A: I'm in the middle of it right now! The Dairyhaus has a problem that most businesses dream about: we can't keep up with demand. Whether it's within our shop or at retail with our wholesale clients, we can't keep up. Our shop is so tiny and due to the process, we can only make so much ice cream each day. That leaves me saying "no" to a lot of opportunities and sometimes disappointing (a frown) our customers or wholesale clients. For the last couple years, we've been planning an expansion, but it's so scary! I want to ensure that any growth is done correctly, with reverence to the business's past, and no change to how our product is made. It is a big leap and the choices weigh on me daily.
6. Q: If you could start all over again, what would you do differently?
A: I would tell myself to stay humble when I came back to the shop in my late 20's. I had a successful career in electronics retail and I had a pretty big ego as a result. When I saw a process that needed to be tweaked, I pushed for change when Mom and the staff weren't ready for it. It strained the personal relationship I had with my mom, caused the staff undue stress as they didn't know which "boss" to take direction from, and ultimately made it more difficult for Mom to teach and me to learn. Fortunately, she is awesome and our relationship is as close as it has ever been. I frequently consult her on new ideas and she's definitely my biggest supporter.
7. Q: What’s one change I should make right now to help me get closer to my success?
A: I don't know that I'm very qualified to answer this question as I only have my own education, experiences, successes, and failures to color my answer. I'll rely on a quote from others and modify it a bit: "Work smart, not hard" is nonsense. Work smart AND work hard. Some of the most rewarding experiences, and much of what has made the Dairyhaus successful over the years is the hard work and determination myself and our team have put in over the years. Hopefully those hard fought hours are guided with an intelligent plan, but without that grit, grind, and "there is no not" attitude, I don't believe we would have triumphed day after day, season after season. Not to mention the awesome feeling when you push through a boundary you previously thought impossible. I find a lot of pride in a hard day of work.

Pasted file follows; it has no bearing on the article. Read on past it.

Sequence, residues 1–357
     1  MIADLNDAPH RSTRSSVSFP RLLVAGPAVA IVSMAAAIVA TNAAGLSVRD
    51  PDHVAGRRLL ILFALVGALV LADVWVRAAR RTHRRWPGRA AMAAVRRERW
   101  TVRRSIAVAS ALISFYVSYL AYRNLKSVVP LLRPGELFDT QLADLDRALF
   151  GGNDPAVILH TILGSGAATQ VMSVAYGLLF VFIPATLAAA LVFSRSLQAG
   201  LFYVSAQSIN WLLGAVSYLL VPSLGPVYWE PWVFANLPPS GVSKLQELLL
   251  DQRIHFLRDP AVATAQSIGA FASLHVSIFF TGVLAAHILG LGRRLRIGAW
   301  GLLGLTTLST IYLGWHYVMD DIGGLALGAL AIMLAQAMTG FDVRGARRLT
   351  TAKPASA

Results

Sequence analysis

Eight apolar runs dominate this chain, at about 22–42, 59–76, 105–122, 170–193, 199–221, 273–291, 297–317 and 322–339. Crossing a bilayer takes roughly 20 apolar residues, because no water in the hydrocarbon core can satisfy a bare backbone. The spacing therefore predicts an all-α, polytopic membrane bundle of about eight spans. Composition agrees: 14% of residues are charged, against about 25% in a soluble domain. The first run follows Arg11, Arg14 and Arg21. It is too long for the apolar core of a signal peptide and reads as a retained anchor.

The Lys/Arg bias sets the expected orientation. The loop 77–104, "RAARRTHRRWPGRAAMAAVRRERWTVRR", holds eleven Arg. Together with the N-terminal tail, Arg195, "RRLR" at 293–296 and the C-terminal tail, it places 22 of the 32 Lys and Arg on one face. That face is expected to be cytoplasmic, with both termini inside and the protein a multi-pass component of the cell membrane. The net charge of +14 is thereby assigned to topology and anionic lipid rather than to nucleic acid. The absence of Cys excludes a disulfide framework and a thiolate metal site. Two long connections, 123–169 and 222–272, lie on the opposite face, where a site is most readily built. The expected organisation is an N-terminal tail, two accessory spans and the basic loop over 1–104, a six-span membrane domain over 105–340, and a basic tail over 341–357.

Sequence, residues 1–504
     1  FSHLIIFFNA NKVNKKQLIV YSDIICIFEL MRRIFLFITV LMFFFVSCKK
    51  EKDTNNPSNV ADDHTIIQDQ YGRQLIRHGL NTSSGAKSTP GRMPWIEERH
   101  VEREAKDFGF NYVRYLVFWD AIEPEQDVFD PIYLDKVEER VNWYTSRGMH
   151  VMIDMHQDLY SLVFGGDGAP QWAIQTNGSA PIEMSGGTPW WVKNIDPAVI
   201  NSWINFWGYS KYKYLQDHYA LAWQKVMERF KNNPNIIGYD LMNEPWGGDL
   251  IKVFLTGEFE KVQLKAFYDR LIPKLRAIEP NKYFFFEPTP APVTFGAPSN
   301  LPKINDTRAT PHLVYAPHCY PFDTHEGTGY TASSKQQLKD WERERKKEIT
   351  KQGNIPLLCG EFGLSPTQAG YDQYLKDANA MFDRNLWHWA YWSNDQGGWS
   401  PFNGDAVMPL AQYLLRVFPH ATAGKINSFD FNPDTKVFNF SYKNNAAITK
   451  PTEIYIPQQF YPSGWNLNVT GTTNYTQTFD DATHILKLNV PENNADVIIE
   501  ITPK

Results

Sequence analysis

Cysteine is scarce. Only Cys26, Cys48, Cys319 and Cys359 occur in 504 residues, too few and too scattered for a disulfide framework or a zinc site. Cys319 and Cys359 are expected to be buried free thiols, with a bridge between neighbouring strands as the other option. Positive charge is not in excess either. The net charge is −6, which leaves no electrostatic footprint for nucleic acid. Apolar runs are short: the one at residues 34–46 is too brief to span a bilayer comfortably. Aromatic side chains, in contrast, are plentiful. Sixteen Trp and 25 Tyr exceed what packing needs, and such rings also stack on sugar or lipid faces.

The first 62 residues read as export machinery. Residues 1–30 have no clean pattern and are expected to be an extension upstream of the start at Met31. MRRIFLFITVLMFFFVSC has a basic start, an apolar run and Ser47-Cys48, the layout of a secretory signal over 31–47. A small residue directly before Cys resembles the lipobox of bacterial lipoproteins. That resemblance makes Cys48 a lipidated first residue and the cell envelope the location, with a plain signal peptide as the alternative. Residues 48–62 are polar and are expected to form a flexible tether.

8. Q: What aspect of Rockford helped you to succeed?
A: The community! Oh my. Not only has the community been fantastic supporters of the Dairyhaus, but some of our biggest successes are due to teaming up with another local business that makes something amazingly unique that we simply must turn it into an ice cream. Our first foray into teaming up with another business was our Main Street Maple Bacon ice cream, made with the tastiest bacon you'll ever fry from Main Street Meats in Roscoe. By teaming up with a local business and utilizing their ingredient, we create something special that can only be had in the Stateline. All of our coffee ice creams are made with Rockford Roasting Company Coffee. We make Sugar Britches Butter Brickle with their out-of-this-world toffee. Seasonally, we make Edward's Caramel Apple and Edward's Apple Cobber with the best apples in the world!
9. Q: What is your favorite thing about Rockford?
10. Q: What is the best advice you can give?
A: Cut everyone, including yourself, some slack. We're all trying our best, and if we're not, there's probably a good reason for it. Support each other with smiles, not frowns.